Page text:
Mr. Lin was frightened mainly because he had always lived in a normal social environment, and had not experienced the kind of cultural struggle prevalent in Mainland China. Over the past several decades, through one political movement after another, the ruling party on the Mainland has accumulated a wealth of tactics to deal with people. It is unimaginable that it could be this evil. But it also provided Mr. Lin and other Taiwanese with a clearer picture of the evilness of this persecution, and therefore it inspired them to work harder to expose to the world the Chinese government's persecution and to condemn and stop Jiang's acts of terrorism.

Lately, the Chinese authorities have started to attack practitioners' computers with viruses, thereby generating a sense of fear on the Internet. Some agents spread rumors on the web that they could easily monitor practitioners' cell phones and described how easy it was to infiltrate the practitioners' circles.

In fact, the transition from the former bold and open attacks to today's covert maneuvering indicates that Jiang's regime is approaching its end.

The last time I wrote an article, "When Hate and Enmity Turn Into a Political Culture" (Refer to http://www.clearwisdom.net/emh/articles/2003/12/18/43262.html), I made the point that Jiang's regime fabricated and spread lies and propaganda in an attempt to incite hatred and induce external pressures to bear on Falun Gong, thus lending support for his suppression. This time, Jiang's regime created an "atmosphere of terror" among Falun Gong practitioners themselves, causing practitioners to distrust each other, and then spreading this atmosphere to the entire society. They caused the practitioners to feel frightened so that they would stay quiet, and they inhibited others from speaking out for Falun Gong. They used terror to obliterate people's consciences, their morals, and their longing and support for righteousness.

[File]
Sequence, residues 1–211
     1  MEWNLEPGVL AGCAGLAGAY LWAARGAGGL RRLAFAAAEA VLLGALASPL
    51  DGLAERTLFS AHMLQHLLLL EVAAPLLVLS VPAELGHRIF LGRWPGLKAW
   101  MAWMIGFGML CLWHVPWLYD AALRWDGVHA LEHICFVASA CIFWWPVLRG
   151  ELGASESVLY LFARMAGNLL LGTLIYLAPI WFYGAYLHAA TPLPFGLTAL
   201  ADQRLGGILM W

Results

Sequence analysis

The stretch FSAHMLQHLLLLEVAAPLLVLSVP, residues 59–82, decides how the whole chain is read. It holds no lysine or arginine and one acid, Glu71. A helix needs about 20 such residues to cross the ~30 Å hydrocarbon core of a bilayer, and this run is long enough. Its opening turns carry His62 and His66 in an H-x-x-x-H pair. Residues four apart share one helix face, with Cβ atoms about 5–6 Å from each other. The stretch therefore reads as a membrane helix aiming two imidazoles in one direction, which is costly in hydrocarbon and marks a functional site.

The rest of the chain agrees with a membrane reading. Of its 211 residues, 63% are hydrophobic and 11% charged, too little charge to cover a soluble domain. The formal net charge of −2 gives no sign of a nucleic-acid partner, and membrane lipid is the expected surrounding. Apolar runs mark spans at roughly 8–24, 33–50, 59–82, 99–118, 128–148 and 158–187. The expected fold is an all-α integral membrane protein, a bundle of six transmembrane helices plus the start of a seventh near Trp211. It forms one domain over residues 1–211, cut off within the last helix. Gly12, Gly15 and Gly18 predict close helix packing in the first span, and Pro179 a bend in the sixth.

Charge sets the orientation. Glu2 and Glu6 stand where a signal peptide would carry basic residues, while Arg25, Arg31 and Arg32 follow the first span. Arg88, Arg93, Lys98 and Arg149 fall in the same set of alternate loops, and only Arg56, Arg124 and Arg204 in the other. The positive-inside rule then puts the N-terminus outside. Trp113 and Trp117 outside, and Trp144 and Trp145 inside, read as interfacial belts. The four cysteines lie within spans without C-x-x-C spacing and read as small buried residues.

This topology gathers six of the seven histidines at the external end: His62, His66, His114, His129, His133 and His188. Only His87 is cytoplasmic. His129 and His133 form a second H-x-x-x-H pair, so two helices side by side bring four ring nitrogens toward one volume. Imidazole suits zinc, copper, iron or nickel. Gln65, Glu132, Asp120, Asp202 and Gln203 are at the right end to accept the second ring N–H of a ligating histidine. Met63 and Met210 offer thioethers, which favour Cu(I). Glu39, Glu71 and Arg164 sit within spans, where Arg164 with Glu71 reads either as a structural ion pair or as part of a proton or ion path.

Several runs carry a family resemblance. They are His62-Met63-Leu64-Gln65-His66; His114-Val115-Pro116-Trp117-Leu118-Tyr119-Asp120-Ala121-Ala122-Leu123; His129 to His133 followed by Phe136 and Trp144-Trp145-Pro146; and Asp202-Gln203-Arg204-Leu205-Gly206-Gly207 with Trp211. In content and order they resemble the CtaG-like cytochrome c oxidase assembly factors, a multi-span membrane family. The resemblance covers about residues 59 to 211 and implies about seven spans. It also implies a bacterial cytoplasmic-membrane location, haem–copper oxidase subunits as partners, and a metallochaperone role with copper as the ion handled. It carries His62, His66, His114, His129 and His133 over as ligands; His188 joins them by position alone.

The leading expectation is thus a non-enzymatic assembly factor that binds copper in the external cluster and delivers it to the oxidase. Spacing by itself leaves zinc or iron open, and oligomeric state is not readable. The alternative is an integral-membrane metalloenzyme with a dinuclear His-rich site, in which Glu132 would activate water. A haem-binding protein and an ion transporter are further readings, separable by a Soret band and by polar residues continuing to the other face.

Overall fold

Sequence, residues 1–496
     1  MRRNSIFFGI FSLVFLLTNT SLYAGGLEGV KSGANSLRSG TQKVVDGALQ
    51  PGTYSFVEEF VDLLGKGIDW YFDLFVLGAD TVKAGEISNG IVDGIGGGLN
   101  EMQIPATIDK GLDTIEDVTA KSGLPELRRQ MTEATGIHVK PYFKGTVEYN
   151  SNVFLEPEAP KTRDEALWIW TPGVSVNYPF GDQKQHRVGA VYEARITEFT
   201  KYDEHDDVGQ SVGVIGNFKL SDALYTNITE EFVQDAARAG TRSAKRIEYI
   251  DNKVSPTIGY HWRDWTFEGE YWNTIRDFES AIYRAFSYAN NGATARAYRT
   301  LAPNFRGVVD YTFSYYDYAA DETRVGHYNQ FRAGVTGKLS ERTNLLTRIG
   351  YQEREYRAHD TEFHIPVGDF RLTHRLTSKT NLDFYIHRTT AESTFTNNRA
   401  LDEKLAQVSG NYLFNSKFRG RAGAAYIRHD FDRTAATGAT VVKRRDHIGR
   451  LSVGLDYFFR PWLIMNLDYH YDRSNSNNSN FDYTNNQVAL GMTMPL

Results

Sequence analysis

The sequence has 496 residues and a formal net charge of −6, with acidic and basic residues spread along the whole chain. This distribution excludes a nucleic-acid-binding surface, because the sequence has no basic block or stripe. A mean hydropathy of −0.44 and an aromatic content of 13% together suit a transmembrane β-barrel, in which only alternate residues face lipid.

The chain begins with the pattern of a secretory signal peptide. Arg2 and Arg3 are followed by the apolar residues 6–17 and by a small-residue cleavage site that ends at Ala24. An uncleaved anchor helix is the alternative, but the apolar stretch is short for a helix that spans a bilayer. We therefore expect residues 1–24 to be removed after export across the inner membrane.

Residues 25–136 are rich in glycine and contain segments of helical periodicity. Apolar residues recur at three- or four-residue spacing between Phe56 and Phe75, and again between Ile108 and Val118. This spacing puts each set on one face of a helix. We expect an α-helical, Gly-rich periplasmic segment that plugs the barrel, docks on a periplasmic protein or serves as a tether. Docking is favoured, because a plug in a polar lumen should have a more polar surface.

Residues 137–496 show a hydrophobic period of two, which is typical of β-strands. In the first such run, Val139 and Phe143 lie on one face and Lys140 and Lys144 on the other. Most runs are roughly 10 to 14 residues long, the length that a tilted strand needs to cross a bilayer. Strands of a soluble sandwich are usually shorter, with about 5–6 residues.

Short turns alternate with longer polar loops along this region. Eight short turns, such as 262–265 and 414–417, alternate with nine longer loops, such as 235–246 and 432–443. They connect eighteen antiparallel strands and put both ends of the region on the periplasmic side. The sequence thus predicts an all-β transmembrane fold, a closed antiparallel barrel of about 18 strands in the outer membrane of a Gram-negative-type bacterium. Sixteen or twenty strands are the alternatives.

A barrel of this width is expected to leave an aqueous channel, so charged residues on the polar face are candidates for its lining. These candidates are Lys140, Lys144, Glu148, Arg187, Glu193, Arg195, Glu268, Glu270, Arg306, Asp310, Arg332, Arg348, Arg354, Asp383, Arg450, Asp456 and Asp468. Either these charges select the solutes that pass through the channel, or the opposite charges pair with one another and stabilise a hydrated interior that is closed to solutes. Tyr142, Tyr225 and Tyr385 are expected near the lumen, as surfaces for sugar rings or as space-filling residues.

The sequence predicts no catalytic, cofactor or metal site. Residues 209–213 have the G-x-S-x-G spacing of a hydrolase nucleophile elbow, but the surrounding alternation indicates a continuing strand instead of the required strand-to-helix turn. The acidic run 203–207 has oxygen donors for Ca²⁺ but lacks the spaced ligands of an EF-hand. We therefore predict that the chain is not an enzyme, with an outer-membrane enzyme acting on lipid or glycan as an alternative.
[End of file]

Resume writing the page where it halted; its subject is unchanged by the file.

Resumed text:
It can be said that Jiang is creating a "culture of terror" in an attempt to control people's spirits, to stop independent thinking, and ultimately to achieve control of people's behavior.

China has a 5,000-year-old culture, one which emphasizes kindness, righteousness, civility, wisdom, trust, and harmony. To suppress "Truthfulness, Compassion, and Tolerance," Jiang's regime has endeavored to create a "hate culture" and a "culture of terror." It is equivalent to infusing a slow acting toxin into the bloodstream of the Chinese culture. It is truly degrading our cultural spirit.

An atrocity can destroy a single generation, but poison infused into a culture will harm many generations to come. I hope that all Chinese people can awaken in time and not harbor any illusions about the originator and promoter of the "culture of terror." Whether a society can protect the basic human rights and the security of its citizens depends on whether each member of the society can choose according to his or her own conscience.